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[ GR No. 17987, Apr 25, 1922 ]



43 Phil. 317

[ G. R. No. 17987, April 25, 1922 ]




The appellants in this case contend that the trial judge, the Honorable Andres Borromeo, abused his discretion in not acceding to their request for a transference of the trial from the date set, April 30, 1921, to the month of July of the same year, and in not acceding to the motion for a new trial interposed by Attorney Eusebio Tionko, in his own behalf and in behalf of his codefendant. Accordingly, appellants pray for a reversal of the judgment and for an order directing the celebration of a new trial.

A statement of the case may be made as follows: The complaint was filed in the Court of First Instance of Surigao on August 11, 1920. The answer of defendant Tionko was filed in the same court on August 30, 1920. The trial judge, the Honorable Fermin Mariano, presided at the trial of the case on September 8, 1920, at which time the evidence for the plaintiff was presented, without either of the defendants being present. On September 15, 1920, defendant Tionko filed a motion for the annulment of all that had taken place at the trial, on the ground that he had not been notified of the day and place of the same. The trial judge acceded to the request of defendant Tionko, notwithstanding that the records apparently showed that proper notice of the date of the trial had been sent him. Still later, amended answers and complaints were filed by the respective parties.

The case was again set down for trial on April 25, 1921, and the parties were properly notified. Defendant Egay thereupon asked for a transference until the month of May, "because of sickness, and defendant Tionko for a transference until the month of July, because of the necessity of his attendance on the sessions of the House of Representatives. Judge Borromeo considered these motions and on April 9 ordered that the case be called on April 30, 1921. Defendants, however, again requested by telegram that the case be put over until the July term; Egay because of sickness, and Tionko because the Independence Mission was in session. Judge Borromeo refused a further continuance, and after taking1 the evidence presented by the plaintiff, rendered a judgment against the defendants, condemning them to return the thirty-eight posts described in the complaint, or jointly and severally to reimburse the plaintiff in the sum of P480, and to pay the plaintiff P150, additional, as damages, with costs against them.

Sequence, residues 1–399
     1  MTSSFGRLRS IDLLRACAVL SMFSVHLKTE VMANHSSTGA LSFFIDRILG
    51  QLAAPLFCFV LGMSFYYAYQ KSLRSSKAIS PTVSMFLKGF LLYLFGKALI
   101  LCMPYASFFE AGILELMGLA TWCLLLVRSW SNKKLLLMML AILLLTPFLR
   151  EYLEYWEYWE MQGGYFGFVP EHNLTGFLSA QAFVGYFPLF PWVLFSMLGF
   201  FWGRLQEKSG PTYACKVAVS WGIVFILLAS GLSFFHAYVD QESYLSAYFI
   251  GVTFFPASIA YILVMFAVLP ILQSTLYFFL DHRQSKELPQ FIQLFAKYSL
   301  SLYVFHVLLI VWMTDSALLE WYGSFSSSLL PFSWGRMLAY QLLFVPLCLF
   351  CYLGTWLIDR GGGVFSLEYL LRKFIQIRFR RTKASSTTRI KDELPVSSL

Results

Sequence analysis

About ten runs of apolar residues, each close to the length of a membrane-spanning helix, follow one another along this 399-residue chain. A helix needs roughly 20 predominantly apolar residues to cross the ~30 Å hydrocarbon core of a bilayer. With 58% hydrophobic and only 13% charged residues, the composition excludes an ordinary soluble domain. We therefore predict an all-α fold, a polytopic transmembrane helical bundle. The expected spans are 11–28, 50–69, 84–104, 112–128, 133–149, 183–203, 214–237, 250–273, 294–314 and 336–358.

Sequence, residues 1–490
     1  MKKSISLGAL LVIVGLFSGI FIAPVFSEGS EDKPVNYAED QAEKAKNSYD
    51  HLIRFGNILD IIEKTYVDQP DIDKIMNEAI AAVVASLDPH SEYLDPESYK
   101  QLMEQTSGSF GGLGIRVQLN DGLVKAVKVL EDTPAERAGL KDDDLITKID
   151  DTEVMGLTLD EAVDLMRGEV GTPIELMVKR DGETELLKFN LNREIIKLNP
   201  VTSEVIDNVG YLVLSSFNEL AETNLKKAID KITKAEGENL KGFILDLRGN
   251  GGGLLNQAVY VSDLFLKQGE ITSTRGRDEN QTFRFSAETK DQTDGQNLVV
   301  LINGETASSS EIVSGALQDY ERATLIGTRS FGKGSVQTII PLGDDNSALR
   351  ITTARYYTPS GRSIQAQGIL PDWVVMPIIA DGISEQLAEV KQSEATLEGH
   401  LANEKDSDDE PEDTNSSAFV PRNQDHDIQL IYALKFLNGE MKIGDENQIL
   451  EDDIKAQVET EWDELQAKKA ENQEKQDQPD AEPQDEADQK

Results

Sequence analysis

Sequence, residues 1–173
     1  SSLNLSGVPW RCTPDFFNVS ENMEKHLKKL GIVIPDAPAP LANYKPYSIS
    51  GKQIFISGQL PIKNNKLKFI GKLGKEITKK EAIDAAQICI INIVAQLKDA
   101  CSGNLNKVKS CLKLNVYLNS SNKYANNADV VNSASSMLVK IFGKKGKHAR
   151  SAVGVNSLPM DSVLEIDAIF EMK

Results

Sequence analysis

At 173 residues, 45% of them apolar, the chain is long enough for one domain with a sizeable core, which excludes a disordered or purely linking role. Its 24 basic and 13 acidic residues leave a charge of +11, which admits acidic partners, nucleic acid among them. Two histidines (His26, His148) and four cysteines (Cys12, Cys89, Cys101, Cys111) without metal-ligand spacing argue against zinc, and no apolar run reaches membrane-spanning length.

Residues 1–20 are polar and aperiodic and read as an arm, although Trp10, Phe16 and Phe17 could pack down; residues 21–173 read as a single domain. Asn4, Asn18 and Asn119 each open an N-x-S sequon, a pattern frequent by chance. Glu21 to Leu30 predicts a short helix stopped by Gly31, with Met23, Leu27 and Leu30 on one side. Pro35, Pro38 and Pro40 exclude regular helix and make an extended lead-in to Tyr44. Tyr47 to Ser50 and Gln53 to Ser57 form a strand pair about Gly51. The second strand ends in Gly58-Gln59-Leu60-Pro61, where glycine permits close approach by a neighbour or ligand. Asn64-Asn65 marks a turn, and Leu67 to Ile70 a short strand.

The legal principles applicable to the facts are extremely clear. It is a general rule that the granting or refusing of a motion for continuance is in the sound discretion of the trial court, and that the appellate court will not interfere with the exercise of this discretion, unless the action of the trial court is clearly erroneous, or is a clear abuse of its discretion. In this instance, we are of the opinion that Judges Mariano and Borromeo have been extremely patient with the defendants in the efforts of the latter to delay the administration of justice.

Relative to the excuse of defendant Egay as to why he could not be present for the hearing of the case, it should be recalled that his only showing of sickness was made in a brief telegram. In the case of Natividad vs. Marquez ([1918], 38 Phil., 608), this court applied the rule that "the fact of illness must be established by some satisfactory sworn statement, either in the shape of an affidavit or the certificate of a physician that satisfies the court of the inability of the party to be present," and that rule is again here applicable.

Relative to defendant Tionko, who was likewise counsel for the defense, it should be recalled that Mr. Tionko relied on the necessity of his presence at the sessions of the Independence Mission, as a reason for the postponement of the trial in this case. The rule on this subject is, that the absence of counsel in attendance on the Legislature as a member thereof is not a sufficient cause for a continuance except where it is so provided by statute. (13 C. J., 146; Sharman vs. Morton [1860], 31 Ga., 34.) If attorney Tionko had so desired, he could easily have made arrangements for the handling of his cases in the provincial courts during his absence in Manila, to attend to his duties as a member of the Philippine Legislature. Certainly, the wheels of justice cannot stop because of the meetings of the Legislature any more than the Legislature should adjourn because of sessions of court.

Finding no reversible error, judgment must be affirmed, with costs against the appellants. So ordered.

Araullo, C. J., Villamor, Ostrand, Johns, and Romualdez, JJ., concur.